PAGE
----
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It has become appallingly obvious that our technology has exceeded our humanity.

Albert Einstein

I’m sure that when we first got mail service, a mother who missed her adult son said, “Now he doesn’t have to visit, he just writes a letter,” and it broke her heart.

And I’ll bet when we first got telephones that some jilted lover missed seeing her man face-to-face when he called.

And TV sure did it’s part to break up the family conversation around the dinner table.

But we got used to these things. With the passing of time, we became accustomed to each new way of communicating and being, and only bemoaned technology when a new one popped up.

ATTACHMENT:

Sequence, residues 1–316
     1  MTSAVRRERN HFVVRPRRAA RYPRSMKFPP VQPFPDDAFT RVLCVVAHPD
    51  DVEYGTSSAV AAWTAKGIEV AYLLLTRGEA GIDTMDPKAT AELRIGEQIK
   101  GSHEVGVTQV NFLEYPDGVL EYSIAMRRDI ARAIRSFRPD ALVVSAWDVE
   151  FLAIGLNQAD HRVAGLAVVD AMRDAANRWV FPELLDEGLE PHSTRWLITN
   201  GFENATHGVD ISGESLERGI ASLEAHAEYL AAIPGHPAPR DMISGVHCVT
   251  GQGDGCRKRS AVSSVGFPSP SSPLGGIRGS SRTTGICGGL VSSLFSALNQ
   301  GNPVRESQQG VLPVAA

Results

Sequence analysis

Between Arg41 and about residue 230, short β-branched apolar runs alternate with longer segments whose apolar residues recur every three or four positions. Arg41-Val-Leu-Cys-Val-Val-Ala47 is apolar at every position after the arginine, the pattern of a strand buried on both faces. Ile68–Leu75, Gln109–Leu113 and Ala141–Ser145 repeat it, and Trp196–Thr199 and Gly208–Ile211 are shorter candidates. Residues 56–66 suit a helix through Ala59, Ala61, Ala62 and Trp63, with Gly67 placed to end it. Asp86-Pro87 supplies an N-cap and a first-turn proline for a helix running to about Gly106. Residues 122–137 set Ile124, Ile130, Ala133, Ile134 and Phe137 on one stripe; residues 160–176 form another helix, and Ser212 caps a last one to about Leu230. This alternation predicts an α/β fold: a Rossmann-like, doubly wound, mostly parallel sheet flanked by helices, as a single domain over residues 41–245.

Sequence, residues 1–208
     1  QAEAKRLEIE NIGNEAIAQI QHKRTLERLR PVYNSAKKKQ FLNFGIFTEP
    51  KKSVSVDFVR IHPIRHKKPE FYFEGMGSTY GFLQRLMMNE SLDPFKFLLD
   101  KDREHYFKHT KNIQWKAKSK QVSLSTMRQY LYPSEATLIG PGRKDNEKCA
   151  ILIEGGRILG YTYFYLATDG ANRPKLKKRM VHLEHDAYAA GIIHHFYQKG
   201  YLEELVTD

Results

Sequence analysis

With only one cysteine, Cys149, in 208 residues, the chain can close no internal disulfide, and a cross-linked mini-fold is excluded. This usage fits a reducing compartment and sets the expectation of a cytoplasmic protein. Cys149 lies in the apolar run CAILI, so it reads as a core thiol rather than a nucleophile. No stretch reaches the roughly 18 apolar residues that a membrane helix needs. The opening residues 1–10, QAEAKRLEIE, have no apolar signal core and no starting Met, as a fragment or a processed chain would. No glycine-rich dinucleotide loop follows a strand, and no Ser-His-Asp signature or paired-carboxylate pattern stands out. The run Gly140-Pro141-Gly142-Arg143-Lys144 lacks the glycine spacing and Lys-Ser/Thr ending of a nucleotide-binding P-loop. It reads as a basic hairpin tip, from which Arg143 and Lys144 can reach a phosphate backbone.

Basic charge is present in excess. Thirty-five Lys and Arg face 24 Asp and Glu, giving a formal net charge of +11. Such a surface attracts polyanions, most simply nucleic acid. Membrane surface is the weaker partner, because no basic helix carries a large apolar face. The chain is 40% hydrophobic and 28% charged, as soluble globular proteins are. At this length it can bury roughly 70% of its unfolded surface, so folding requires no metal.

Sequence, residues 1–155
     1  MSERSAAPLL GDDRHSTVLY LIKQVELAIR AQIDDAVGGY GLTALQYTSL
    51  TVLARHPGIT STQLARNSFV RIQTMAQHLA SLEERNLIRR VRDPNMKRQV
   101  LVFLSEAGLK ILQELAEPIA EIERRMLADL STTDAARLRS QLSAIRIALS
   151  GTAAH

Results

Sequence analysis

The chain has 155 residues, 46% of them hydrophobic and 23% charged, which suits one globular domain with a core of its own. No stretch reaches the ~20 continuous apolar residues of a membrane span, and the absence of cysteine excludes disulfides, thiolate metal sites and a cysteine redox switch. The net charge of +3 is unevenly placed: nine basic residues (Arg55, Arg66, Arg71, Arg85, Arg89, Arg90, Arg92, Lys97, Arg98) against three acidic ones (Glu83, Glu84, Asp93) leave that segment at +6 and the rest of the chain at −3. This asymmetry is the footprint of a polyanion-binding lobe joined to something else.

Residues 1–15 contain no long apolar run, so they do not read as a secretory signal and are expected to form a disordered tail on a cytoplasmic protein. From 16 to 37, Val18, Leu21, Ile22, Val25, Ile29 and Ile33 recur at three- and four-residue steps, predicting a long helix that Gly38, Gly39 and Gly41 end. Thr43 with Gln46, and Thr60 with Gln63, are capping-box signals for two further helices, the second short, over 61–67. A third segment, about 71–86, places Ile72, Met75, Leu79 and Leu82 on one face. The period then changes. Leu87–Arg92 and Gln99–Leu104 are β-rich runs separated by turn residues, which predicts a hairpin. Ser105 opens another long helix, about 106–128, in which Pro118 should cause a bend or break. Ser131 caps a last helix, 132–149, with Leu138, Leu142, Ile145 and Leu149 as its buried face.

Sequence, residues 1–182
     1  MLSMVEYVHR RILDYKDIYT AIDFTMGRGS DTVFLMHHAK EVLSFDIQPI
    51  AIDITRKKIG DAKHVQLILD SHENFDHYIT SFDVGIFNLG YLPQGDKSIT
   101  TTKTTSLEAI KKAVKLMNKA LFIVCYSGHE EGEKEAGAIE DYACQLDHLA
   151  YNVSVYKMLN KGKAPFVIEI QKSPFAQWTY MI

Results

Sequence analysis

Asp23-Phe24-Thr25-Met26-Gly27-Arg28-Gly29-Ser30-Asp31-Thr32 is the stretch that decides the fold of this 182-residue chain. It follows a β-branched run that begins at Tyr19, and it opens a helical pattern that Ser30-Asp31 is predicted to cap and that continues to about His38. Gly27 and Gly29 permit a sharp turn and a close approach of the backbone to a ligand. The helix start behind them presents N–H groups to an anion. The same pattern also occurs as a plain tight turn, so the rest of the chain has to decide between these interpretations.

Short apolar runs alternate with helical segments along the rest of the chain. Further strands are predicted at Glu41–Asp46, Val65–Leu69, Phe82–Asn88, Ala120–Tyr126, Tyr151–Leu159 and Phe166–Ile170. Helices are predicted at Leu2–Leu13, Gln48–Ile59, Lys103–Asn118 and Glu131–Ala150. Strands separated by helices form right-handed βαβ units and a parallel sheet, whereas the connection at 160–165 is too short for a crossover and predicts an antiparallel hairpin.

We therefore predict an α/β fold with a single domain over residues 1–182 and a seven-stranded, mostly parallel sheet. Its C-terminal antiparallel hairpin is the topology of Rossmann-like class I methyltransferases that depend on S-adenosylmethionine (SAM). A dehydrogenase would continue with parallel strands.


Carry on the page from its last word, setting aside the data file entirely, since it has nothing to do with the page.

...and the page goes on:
These days with Facebook, Instagram, Twitter, texting, it’s almost like technology is enabling us to connect again.

But is it really?

When you don’t see facial expressions or reactions, are you really connecting?

With record numbers of people struggling with depression, addiction and loneliness and countless others thinking suicide is their best option, isn’t it time we reexamine the value of connecting one-to-one and creating a sense of belonging through community?

Isn’t it time for us to get face-to-face?